How memory betrays us

Book review published in Journal of the Society for Existential Analysis, January 2010.

‘Remembering our childhood: how memory betrays us’ by Karl Sabbagh, Oxford University Press. Pub date: 2009. 224 pages. £16.99

Originally a student of experimental psychology at Cambridge, Sabbagh has pursued a career as a journalist, documentary television producer and writer. Here he explores what memory is and is not, what it is for and to what extent we can rely on it. He draws on interviews with several experimental psychologists, working in the field of memory, and on a review of literature and research findings. He goes on to argue against the safety of much recovered memory of childhood sexual abuse drawing on court cases in the US and UK where serious miscarriages of justice were subsequently found to have occurred.

I found the early chapters a fascinating and useful read. It turns out that all our memories are unreliable – not just mine! We all forget things that did happen, or remember things incorrectly (different time, place, people and so on) and we sometimes remember things that did not happen. The experimental evidence cited showing how we can remember things that did not happen at all or happened to someone else does give pause for thought – both personally and as a therapist.

For young children memory is principally a tool for learning and memories before the age of two are largely discarded in a haze of ‘childhood amnesia’. As we continue through life we notice and remember things that help us figure out how the world works so that we know what to expect and how to behave. Quoting one of his researchers he tells us “the general function of memory is to predict and prepare for the future encounters, actions and experiences” (page 39). i.e. it is not valuable in itself but as it enables a person to live adaptively.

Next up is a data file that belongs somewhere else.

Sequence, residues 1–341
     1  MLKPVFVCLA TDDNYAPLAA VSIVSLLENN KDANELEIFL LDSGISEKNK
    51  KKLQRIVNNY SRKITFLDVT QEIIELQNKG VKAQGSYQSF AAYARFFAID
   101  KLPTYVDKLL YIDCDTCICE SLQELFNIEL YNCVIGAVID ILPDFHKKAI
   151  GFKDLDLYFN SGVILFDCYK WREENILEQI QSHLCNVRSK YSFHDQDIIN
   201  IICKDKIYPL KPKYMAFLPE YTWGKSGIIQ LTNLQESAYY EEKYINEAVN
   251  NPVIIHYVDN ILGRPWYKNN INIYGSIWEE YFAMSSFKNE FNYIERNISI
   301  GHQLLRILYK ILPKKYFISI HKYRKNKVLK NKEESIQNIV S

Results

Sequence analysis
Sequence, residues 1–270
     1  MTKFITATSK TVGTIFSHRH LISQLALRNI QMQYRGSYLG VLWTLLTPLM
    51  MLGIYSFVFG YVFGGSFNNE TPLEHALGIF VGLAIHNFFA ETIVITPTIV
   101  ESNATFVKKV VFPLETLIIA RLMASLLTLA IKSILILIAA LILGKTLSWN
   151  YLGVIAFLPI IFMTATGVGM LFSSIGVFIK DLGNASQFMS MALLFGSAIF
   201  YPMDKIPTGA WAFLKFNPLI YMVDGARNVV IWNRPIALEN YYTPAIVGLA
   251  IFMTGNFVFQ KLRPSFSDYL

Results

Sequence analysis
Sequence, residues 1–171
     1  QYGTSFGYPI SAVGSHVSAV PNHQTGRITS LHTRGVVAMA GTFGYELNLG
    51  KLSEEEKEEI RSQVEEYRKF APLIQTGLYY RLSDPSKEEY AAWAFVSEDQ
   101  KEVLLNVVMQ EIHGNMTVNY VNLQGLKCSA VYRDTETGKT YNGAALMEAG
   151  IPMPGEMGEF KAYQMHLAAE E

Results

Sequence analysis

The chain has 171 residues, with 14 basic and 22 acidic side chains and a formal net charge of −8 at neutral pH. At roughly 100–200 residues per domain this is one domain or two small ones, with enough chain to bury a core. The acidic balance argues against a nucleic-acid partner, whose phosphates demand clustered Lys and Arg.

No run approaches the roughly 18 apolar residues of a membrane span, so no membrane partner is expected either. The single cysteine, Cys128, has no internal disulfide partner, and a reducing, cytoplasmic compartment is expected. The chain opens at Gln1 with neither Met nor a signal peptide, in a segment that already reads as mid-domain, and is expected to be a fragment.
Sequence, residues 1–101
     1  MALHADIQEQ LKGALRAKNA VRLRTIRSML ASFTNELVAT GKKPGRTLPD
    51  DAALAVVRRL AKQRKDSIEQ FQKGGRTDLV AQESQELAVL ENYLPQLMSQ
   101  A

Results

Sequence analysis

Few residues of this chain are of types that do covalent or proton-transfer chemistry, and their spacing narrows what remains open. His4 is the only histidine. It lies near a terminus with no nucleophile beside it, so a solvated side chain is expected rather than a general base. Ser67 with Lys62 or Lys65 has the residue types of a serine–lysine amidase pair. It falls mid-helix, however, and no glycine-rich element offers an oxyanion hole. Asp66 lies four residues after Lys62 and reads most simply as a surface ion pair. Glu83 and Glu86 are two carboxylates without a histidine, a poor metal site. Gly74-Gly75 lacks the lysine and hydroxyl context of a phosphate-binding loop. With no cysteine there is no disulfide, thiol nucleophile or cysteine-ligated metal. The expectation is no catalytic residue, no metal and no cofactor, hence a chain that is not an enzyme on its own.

Memory is also the means by which we create a sense of self. As we regale others with our stories we are saying ‘I am the kind of person who does this sort of thing’ and these are added into our self-narrative. Memory is also used to construct a feeling of coherence about our lives – which of course belies reality since our lives are mostly not coherent and rational if viewed as a whole with nothing missing or added in. As Sabbagh says, when we tell our stories to others we cannot help but lie because we leave out things that don’t fit and invent things that make them seem consistent. Then “we remember our stories and begin to believe them” (page 66).

False memories abound it seems, even with the best of intentions. Our earliest memories, it turns out, are particularly suspect. He cites experiments with results that seem perverse in that toddlers appear to have better memories than older children. The reason he suggests is because by the age of five we might actually remember some things that have happened to us whereas toddler memories are more likely to result from stories subsequently told to us which we have internalised and made our own.